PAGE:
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This Month from Cliff

This Month from Cliff

February 19, 2015

State of the State / State of Our Children

 

Dr. Wood reading to students

Dr. Wood reading to students from the Campus Fun and Learn Center

One of my favorite activities each year is when I am invited by one of Rockland County’s public schools for the annual “Rockland County Read-In.”  On Friday, February 13, I had the opportunity to read to a first grade class at Summit Park Elementary School in East Ramapo.  The school is clean, bright and cheerful, and when I entered at 8:30 AM, there was clearly a high level of energy and enthusiasm for the day’s activities.  I was immediately met by the school’s librarian who led me to a display of books, where I selected one appropriate for first graders.  A poised and well-mannered third grader then escorted me to Cynthia Norman’s classroom.  What I found there were 28 lively first graders, all having breakfast provided by the school district.  I also learned that for 12 of the 28 children, English was not their first language.  It was clear, after a few minutes, that Ms. Norman is a skilled and seasoned teacher who moves about the classroom, actively engaging all the students in the day’s activities.

 

Andrea Coddett, Dr. Wood, and Kim Hewlett

(L-R) Andrea Coddett, Assistant Superintendent for Instruction, East Ramapo School District, Dr. Wood, Kim Hewlett, Principal, Summit Park Elementary School

 

After I read the book, I got my best present of the day when the children began to sing “Happy Birthday” to me.  When they finished the verse, they then began to sing the traditional “Are you 1?  Are you 2…” and then Ms. Norman interrupted them and said “With Dr. Wood, I think you'd better sing, ‘Are you 10, are you 20…' ” Otherwise, they would have been singing for a very long time.

 

My next stop of the day was at the Pascack Community Center to hear our Governor discuss the State of the State and his proposed budget.  After my visit to the classroom at Summit Park Elementary with way too many students for a first grade class where all were not native speakers, I understood one of the Governor’s major initiatives, and I support what he calls his “ambitious P-12 agenda.”  What he proposes is a very ambitious $1.5 billion to phase in a full-day pre-K for 4-year-olds.  He also indicates that the state “…will invest another $365 million this year in Pre-K for four-year-olds, but we also want to take the next step and start designing programs – not for four year olds – but for three-year-olds.  All the studies say that the earlier you get them in, the better.”  I agree with Governor Cuomo and this study, and I applaud his efforts to spend significant funds on our youngest students.  While we are all aware of the Governor’s concerns, I am sure his proposal reflects the general concerns of the entire country about public education.  It is the right decision to provide a formal educational experience for very young children.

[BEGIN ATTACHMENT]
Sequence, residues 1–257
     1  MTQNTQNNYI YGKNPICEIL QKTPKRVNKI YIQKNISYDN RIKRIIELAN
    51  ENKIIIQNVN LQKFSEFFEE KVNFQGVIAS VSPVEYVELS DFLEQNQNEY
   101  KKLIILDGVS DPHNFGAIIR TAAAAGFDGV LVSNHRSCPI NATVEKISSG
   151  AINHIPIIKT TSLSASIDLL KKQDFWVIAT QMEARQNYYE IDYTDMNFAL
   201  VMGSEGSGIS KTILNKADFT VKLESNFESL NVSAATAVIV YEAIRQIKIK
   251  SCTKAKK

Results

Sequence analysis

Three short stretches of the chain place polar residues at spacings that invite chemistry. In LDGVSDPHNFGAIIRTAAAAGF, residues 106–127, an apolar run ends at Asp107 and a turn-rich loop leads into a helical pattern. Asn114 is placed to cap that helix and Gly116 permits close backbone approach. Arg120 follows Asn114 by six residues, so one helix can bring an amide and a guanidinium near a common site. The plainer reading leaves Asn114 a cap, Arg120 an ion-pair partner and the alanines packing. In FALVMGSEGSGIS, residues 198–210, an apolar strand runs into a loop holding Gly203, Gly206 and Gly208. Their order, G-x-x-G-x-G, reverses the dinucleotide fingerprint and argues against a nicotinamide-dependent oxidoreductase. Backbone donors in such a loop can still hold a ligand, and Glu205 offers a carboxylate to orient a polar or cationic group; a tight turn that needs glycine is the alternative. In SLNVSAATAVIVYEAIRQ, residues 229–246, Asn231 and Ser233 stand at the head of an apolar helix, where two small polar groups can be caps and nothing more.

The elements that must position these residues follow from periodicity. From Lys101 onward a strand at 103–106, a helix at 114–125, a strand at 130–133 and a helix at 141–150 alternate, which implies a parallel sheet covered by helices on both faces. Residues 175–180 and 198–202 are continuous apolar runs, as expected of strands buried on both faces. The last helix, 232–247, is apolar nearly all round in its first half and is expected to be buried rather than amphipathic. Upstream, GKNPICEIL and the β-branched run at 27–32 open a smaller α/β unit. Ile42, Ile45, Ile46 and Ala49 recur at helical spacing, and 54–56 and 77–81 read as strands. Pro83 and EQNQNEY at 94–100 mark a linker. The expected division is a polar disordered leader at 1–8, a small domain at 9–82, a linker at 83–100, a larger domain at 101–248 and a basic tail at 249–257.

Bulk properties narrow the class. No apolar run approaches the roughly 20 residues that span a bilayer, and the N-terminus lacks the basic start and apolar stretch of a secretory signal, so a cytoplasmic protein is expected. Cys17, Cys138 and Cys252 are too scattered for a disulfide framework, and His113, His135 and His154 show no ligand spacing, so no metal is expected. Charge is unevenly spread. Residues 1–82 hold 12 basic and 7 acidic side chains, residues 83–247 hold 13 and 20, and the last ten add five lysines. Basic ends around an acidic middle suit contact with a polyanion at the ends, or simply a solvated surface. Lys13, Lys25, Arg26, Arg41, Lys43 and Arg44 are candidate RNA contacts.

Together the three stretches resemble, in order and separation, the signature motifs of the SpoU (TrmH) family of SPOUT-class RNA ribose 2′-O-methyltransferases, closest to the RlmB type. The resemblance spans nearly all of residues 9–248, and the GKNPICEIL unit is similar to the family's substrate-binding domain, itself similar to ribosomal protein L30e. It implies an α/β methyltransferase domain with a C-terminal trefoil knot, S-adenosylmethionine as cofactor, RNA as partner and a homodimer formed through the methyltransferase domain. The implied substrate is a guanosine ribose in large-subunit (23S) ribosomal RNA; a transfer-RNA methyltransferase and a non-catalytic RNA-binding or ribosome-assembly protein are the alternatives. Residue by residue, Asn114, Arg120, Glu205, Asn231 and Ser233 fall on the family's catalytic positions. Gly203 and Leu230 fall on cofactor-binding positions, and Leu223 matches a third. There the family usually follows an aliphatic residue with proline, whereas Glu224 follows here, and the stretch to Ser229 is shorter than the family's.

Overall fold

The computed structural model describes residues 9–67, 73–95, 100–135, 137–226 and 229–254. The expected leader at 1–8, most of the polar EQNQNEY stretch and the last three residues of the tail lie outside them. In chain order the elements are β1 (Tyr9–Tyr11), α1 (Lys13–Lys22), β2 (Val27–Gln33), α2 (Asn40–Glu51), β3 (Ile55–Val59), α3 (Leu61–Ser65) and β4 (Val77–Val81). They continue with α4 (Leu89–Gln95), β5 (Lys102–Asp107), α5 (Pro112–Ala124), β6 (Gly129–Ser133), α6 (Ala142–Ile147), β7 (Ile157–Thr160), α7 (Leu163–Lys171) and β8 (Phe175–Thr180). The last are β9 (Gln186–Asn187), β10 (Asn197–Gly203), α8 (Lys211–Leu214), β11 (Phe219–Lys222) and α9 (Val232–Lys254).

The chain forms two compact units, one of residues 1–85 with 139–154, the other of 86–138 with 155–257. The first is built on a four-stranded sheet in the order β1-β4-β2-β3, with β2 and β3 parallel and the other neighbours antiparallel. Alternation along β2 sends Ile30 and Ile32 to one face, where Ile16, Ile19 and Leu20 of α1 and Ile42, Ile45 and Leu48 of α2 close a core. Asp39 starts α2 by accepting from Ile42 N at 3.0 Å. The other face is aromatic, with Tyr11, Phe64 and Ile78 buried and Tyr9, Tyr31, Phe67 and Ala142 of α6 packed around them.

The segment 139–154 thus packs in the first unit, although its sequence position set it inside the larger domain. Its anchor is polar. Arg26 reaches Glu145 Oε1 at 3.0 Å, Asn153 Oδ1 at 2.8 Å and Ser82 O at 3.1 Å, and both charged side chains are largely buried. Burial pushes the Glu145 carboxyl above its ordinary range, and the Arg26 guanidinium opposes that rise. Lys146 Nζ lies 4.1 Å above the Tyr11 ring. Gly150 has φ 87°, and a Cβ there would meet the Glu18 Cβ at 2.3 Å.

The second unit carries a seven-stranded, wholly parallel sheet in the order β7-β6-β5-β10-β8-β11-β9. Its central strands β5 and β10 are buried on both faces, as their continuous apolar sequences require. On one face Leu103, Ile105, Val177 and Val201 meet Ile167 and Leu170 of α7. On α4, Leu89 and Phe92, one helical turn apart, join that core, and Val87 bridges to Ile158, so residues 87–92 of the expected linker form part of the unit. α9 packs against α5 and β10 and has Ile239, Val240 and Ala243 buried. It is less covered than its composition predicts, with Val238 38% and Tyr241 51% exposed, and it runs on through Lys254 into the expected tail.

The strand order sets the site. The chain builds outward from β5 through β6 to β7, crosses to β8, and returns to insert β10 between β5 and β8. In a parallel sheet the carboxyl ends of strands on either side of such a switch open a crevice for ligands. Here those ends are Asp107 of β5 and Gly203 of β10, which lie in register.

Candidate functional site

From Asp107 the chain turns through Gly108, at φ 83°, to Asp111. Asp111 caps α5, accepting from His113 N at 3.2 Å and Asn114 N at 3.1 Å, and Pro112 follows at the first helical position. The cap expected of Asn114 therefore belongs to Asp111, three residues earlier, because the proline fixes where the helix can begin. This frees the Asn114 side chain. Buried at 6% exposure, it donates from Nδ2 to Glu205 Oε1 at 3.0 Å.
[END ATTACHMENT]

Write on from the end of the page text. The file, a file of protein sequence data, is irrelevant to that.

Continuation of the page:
While I am disappointed that the Governor did not provide an increase for community colleges, I do understand his strategy to solve the problem at the beginning.  That is to say if we are successful in providing universal pre-K, we can be optimistic about the future and can anticipate that in 12 years the students who come to our public community colleges will all be “college ready” and not need the remediation that many of our students now need.

 

After 48 years in public education, I still firmly believe that the success of our great country is because of the access to and opportunity for quality public education for all of our citizens.  So, I join those who applaud Governor Cuomo’s initiative to fully fund universal pre-K.

 

An Ideal State

In January, my wife Wylene and I traveled to Florida to celebrate the 7th birthday of our granddaughter Orly Schoolman Wood.  Orly is very fortunate in that she attends a magnet school that is part of the Dade County (Miami) Independent School District.  The school, Sunset Elementary, has received recognition as a National Blue Ribbon School of Excellence.  Students who attend Sunset have an additional hour of instruction each day which includes two hours of a foreign language.  This is the kind of school I wish all students had the opportunity to attend.

 

During the visit, Orly said, "Grandpa, I want to take you to one of my favorite spots where we went on a field trip."  The field trip was to the Fairchild Tropical Botanical Garden in Miami.  It was a wonderland offering to "explore, explain, and conserve the world of tropical plants."  There are acres and acres of breathtaking blooms and horticultural arrangements, scenic pathways, and educational exhibits.  A special treat was seeing the magnificent Dale Chihuly glass sculptures on display, imaginatively created and thoughtfully installed throughout the park, alongside the sparkling ponds, the luscious plants and tropical creatures like exotic butterflies, lizards and iguanas.  It was a wonderful experience and Orly and I spent a significant amount of time monitoring the frogs in the lagoon and chasing butterflies.

Dr. Wood and his granddaughter

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